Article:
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Bitcoin and Other Notes From the CFA’s Financial Analysts Seminar

Ahead of this year’s Financial Analyst Seminar (FAS), the CFA Institute sent attendees reading material for a case study on bitcoin. The case study centered around a hedge fund manager who was asked by a large client why he wasn’t allocating to bitcoin.

Keep in mind, this assignment was given to a group of investment professionals from across the globe. (I personally spoke with attendees from Canada, Slovenia and South Africa.) Out of approximately 70 attendees, only about five said they currently are or would hold bitcoin in their portfolios. I was not among those five.chart

Still, some interesting points came out of the discussions held in small breakout groups and later in a main session moderated by University of Virginia professor George (Yiorgos) Allayannis. First, bitcoin is hard to use as a currency because of its volatility and slow transaction speeds. Visa does offer a bitcoin debit card, but questions were raised about how easy it is to use the card. Second, like real estate, location matters greatly. The cost of electricity where bitcoin is mined and the exchange the cryptocurrency is sold on significantly impact your profits. Plus, because of both geographical (being in a place with cheap electricity) and liquidity hurdles (it’s often not easy to quickly move money from one exchange to another), taking advantage of the arbitrage opportunities that do exist is very difficult. Third, a few attendees pointed out that while bitcoin prices are being driven by supply and demand, the supply can change. A simple majority vote among bitcoin owners can either alter or remove the current limit on the number of coins than can be mined. Finally, bitcoin’s role in a portfolio is still unknown. Although it has been uncorrelated to all other asset classes so far, we don’t have enough history to know whether this will continue to be the case.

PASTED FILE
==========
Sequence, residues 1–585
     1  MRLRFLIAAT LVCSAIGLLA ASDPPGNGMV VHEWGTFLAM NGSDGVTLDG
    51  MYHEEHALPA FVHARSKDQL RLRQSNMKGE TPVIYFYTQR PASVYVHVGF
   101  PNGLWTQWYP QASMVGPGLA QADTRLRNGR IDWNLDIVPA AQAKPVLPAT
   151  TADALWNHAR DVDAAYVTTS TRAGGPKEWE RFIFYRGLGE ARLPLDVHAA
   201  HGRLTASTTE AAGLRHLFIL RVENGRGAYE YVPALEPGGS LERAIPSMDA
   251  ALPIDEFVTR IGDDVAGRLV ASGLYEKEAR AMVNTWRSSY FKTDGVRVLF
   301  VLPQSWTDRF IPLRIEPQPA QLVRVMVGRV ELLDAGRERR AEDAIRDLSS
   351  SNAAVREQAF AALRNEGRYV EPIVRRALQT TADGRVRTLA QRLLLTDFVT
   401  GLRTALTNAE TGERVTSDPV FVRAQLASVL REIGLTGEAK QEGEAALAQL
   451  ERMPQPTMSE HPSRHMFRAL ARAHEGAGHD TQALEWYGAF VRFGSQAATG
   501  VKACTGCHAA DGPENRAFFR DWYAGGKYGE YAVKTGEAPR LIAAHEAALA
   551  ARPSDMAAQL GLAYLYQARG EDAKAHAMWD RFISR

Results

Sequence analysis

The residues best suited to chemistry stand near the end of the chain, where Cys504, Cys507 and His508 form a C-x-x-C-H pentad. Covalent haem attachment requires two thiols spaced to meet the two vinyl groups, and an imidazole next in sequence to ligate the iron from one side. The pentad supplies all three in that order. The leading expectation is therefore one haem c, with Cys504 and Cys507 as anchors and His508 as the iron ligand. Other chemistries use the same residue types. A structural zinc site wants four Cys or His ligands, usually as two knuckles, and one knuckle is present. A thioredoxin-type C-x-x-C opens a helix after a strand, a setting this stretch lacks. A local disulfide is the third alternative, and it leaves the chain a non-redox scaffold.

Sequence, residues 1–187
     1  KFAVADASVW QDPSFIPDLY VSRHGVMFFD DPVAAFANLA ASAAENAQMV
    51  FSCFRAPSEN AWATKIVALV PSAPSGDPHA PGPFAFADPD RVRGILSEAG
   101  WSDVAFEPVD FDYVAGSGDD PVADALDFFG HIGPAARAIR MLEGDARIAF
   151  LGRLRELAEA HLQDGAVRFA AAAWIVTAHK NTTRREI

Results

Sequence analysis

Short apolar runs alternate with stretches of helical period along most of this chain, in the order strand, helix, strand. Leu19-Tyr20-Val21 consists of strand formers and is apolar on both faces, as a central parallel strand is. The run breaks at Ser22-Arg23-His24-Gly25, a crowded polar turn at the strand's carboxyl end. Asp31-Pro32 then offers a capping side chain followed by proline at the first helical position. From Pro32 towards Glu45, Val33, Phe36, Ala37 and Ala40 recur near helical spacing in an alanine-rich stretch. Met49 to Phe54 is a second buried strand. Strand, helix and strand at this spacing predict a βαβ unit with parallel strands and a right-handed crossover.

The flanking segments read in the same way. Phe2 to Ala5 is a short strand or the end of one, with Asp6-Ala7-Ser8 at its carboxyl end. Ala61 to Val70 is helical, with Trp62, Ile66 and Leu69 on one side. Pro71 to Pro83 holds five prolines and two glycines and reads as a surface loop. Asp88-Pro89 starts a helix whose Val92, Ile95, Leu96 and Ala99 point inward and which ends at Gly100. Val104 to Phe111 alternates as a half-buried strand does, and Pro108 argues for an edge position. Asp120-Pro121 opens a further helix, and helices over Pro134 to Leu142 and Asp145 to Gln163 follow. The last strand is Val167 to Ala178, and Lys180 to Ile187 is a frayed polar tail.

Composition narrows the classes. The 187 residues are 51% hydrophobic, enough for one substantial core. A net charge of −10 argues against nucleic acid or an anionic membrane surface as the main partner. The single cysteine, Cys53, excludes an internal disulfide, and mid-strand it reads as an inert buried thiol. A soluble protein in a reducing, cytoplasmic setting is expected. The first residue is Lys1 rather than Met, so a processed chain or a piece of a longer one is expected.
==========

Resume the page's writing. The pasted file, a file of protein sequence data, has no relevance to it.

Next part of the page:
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The week’s first economic report will be June pending home sales, released on Monday. Tuesday will feature June personal income and spending, the second-quarter employment cost index, the May Case-Shiller home price index, the July Chicago Purchasing Managers’ Index (PMI) and the Conference Board’s July Consumer Confidence survey. July motor vehicle sales, the July ADP employment report, the July PMI manufacturing index, the July Institute for Supply Management (ISM) manufacturing index and June construction spending will be released on Wednesday. Thursday will feature June factory orders. July jobs data—including the change in nonfarm payrolls and the unemployment rate—as well as June international trade numbers and the July ISM non-manufacturing index will be released on Friday.


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